Transfusion-Associated Graft-versus-Host Disease (TA-GvHD) is a very rare but mostly fatal disease. The immune system of preterm babies and neonates (infants up to 28 days after birth) is still very fragile. Transfusion triggers in neonates are “controversial and mainly based on expert clinical opinion, although recent randomised trials (…) are starting to influence clinical guidelines.”1 Some hospitals exclusively provide irradiated blood8, while others choose a more restrictive approach. In any case, preventing TA-GvHD remains a key factor in paediatric transfusion. Here is a selection of the most commonly applied clinical indications which apply specifically to infant patients:

“Irradiation is vitally important,
because basically TA-GvHD has
a more than 90% mortality rate
if a baby contracts it.8

Intrauterine transfusions

Intrauterine transfusions are typically performed as part of a cordocentesis (umbilical cord puncture).  If evidence of severe foetal anaemia occurs, relatively large volumes of blood need to be transfused rapidly. Foetal anaemia can occur as part of foetal infections, blood incompatibility between mother and child, during a transfusion between foetus and mother, or in the context of twin pregnancies or multiple births. It is recommended that fresh red cells and platelets are irradiated prior to intrauterine transfusions.2,7

Neonatal exchange transfusions

The purpose of an exchange transfusion in newborn babies is to remove aliquots from the baby’s blood, replacing it with donor blood in order “to remove abnormal blood components and circulating toxins, whilst maintaining adequate circulating blood volume.”3 Exchange transfusions correct severe anaemia and jaundice (especially in premature infants) and remove free maternal antibodies, amongst others. These transfusions involve large volumes of blood relative to the size of the baby, and the risks of neonatal exchange transfusion “should be clearly weighed against the benefits.”4

Neonatal and infant cardiac surgery

Neonates requiring early repair of congenital heart disease may need to undergo cardiac surgery with cardiopulmonary bypass. Survival rates following these surgeries have significantly improved as a result of advances in surgical techniques and management, such as the use of miniaturised bypass circuits to reduce the need for blood product transfusions.5,6 In any case, the infants’ immune systems are still immature, and the large volumes of blood, as well as the preferred use of fresh blood, carry risk factors for these young patients. Irradiation of blood products prior to transfusion remains a common solution for risk minimisation in this regard.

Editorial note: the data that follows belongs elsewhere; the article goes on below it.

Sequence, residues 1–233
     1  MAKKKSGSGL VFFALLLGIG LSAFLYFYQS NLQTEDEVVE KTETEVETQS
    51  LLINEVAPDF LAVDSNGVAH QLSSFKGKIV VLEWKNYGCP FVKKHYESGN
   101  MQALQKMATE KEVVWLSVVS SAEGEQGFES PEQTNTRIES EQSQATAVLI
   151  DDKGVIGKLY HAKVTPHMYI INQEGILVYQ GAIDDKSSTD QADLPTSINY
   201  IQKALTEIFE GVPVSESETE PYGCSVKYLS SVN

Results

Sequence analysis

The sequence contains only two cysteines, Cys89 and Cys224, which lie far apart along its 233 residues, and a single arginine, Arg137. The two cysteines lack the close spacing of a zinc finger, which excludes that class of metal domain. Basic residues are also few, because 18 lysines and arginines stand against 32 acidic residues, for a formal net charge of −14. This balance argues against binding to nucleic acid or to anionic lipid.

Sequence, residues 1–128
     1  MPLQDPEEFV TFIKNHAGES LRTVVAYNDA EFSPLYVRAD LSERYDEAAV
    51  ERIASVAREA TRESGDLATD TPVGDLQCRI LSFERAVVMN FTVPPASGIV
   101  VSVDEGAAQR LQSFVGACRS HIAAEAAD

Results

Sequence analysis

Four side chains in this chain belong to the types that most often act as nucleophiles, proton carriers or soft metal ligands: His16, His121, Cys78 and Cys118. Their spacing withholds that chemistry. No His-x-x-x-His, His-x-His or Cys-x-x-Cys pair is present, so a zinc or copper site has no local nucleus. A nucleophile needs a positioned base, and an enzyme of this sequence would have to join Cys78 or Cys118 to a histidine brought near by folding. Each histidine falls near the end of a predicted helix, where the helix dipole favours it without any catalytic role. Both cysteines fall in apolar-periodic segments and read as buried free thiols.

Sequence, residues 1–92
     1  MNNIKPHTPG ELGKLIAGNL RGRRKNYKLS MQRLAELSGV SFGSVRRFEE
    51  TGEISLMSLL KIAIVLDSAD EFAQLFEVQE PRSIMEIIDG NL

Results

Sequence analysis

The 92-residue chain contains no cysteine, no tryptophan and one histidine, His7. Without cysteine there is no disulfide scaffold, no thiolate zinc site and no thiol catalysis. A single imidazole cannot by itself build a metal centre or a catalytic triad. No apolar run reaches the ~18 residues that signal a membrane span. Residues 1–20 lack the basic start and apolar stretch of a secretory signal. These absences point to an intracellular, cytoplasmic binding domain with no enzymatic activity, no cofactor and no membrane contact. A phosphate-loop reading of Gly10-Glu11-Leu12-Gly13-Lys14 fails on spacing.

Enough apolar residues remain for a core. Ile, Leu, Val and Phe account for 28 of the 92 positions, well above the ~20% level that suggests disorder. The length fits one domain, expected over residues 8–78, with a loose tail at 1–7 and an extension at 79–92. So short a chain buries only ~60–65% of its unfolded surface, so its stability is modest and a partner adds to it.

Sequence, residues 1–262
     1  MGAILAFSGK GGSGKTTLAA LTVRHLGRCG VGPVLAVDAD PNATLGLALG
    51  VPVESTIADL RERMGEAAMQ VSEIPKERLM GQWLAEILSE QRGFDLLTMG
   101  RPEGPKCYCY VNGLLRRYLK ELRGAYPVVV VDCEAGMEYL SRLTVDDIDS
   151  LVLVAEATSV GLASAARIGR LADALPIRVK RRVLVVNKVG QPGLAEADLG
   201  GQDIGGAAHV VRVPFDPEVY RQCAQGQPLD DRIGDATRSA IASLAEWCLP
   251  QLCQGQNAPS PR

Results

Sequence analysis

Neonatal top-up transfusions

Up to 80% of preterm babies weighing less than 1500 g at birth are transfused on at least one occasion.1 The so-called “top-up” transfusions are mainly carried out to compensate a reduced red cell production, which occurs due to losses from repeated blood tests, different metabolic abilities, and reduced iron stores.8

Intrauterine, neonatal exchange transfusions with or without cardiac surgery, as well as top-up transfusions cover only part of the spectrum where irradiation is indicated when it particularly comes to transfusions for premature babies or neonates. Major further indications for transfusions of irradiated blood, such as for example those for haematological disorders, radiation exposure/accidents or stem cell transplants, apply to all age groups and are not included in this article.

1 © 2020 British Society for Haematology and John Wiley & Sons Ltd; British Journal of Haematology, 2020, 191, 704-724: Theodora Foukaneli et al: Guidelines on the use of irradiation blood components
2 Dr med. Christine Achenbach: Itrauterine Transfusion
3 The Royal Children’s Hospital; Exchange Transfusion: Neonatal; (PDF)
4 Science Direct: Exchange Blood Transfusion, Haemolytic Disease of the Newborn, Jayashree Ramasethu MD, FAAP, in Handbook of Paedriatric Transfusion Medicine, 2004
5 Pouard P, Bojan M. Neonatal cardiopulmonary bypass. Semin Thorac Cardiovasc Surg Paediatr Card Surg Annu. 2013;16(1):59-61. doi: 10.1053/j.pcsu.2013.01.010. PMID: 23561819.
6 Elassal et al. Journal of Cardiothoracic Surgery
7 JPAC Transfusion Handbook 10.2. Neonatal transfusion
8 The BloodBankGuy, Episode 34,
Picture credit: Shutterstock

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